Digital yuan highly possible in Macau, say Bernstein analysts
About two months ago, Bloomberg reported that it had insider information declaring that Macau could possibly move away from using the Hong Kong dollar as its base currency sometime in the near future, opting instead to rely on China and introduce the digital yuan currency. This announcement made waves in the gaming scene, with many expressing their concerns over the control China wanted to apply on the city – and the chance of Macau heading in the exact same direction as Hong Kong was quite unsettling.
Despite the fact that Macau’s gambling regulator, the Gaming Inspection and Coordination Bureau (DICJ, in the Portuguese acronym), denied the Bloomberg report, there may have been more to the story than what we see and know so far. Analysts with the Sanford C. Bernstein brokerage have spoken up on this matter and are maintaining that a move to a digital yuan would be favourable for Macau’s casinos in the long run.
The analysts published a research report last Friday, stating that a Chinese digital yuan as the central currency in Macau would aid both the mass and premium-mass segments. The conclusion is partly based on China’s clampdown on cross-border payments and transactions, and the analysts firmly believe that the use of the digital yuan would render those payments much easier and quicker, as well as please Chinese authorities. China has been working harder than ever to repress gambling and illicit payment activity recently, and this will not be stopping anytime in the near future.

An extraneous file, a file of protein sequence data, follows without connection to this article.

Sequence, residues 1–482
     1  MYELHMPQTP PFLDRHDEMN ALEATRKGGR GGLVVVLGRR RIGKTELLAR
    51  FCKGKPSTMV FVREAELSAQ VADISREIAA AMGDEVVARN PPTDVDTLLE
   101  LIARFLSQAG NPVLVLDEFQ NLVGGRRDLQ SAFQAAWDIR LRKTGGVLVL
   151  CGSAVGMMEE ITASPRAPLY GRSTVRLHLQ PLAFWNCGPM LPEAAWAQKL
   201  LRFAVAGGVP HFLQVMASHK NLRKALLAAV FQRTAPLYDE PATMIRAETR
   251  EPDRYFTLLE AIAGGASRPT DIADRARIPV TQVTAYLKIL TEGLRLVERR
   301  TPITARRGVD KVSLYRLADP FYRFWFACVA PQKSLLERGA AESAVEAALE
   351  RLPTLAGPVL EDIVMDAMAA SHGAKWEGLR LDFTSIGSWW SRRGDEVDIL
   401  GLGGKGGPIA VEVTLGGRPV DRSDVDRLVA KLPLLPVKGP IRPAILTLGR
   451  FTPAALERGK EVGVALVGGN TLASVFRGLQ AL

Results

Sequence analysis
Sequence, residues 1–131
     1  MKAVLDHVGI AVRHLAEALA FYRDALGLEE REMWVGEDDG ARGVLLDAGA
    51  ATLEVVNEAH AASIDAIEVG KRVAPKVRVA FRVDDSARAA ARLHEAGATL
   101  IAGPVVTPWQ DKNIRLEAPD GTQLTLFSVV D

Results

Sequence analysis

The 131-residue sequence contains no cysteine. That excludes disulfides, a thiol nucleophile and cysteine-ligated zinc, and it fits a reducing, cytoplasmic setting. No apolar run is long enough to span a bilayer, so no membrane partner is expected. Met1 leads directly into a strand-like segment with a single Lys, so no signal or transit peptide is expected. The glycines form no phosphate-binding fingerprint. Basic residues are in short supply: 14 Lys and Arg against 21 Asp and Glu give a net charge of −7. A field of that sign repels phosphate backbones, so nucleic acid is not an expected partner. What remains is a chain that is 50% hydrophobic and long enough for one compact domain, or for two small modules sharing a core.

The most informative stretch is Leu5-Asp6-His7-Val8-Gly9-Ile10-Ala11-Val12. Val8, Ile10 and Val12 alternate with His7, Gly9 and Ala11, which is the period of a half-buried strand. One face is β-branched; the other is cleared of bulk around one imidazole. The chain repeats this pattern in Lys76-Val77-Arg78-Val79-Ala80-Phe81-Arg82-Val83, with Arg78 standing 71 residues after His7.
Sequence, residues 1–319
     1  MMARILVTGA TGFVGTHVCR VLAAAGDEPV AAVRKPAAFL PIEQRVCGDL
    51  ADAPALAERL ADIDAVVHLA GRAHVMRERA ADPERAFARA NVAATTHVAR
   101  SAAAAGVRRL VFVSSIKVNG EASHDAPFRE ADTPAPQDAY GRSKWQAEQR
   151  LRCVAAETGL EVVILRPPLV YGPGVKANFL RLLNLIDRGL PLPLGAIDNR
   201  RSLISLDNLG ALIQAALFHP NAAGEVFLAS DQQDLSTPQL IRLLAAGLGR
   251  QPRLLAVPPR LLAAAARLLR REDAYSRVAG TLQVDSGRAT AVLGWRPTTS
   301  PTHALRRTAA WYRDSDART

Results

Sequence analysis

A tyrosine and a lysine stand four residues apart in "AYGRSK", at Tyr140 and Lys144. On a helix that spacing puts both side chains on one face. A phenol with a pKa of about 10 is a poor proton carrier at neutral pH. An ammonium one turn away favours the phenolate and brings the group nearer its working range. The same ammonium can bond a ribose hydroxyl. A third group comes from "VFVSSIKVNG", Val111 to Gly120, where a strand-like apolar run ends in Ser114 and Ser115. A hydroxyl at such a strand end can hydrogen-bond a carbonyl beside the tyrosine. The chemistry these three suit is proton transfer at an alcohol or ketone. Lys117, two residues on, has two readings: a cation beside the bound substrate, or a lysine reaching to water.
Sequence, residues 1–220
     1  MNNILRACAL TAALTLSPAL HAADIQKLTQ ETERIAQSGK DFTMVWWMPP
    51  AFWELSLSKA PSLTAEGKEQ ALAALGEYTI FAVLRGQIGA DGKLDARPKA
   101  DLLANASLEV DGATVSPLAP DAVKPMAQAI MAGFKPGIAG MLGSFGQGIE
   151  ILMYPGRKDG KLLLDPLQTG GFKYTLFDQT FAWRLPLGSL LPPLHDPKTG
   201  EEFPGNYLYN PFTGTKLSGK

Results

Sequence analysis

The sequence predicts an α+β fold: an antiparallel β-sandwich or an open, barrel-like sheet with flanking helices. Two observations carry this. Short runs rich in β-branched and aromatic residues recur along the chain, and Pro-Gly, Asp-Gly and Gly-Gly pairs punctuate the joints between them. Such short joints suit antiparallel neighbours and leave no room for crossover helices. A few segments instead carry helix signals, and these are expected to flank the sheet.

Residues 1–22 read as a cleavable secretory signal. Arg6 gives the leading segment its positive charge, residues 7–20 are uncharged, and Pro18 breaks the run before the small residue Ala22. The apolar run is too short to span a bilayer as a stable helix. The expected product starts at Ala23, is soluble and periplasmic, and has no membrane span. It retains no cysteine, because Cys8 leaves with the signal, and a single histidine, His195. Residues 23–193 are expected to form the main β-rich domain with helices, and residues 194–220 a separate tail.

Bernstein analysts Vitaly Umansky and Tianjiao Yu stated in the report:
“[A digital yuan] would allow greater [Chinese] government scrutiny and control over money flows [and] it would also allow easier money transfer [and] eliminate the need to use intermediaries (like junkets, underground banks or pawnshops). Mass and premium-mass play could surely benefit due to ease of money flow.”
The fact that analysts are still devoting their precious time and resources to the subject of the use of the digital yuan in Macau points to the fact that the DICJ’s denial of the rumors might actually be untrue or misinformed. There seems to certainly be some truth to the Bloomberg report and it is quite possible, given China’s latest stance on political control, that Macau could be expected to make changes when the time comes to issue new casino concessions next year. Still, as of now, there has not been any solid evidence to support that idea.
What is known, according to the Bernstein analysts, is that digital money is highly likely to come to Macau in one way or another. Umansky and Yu added, “The internationalization [of Chinese currency] could go a long way to increasing the probability” of seeing it become the “standard currency in Macau.” They pointed out that it would be a “long process,” but predict, “Eventually digital transactions will be the norm and cash as we know it will be an historical relic. But this will be an evolutionary development that will likely take many years.”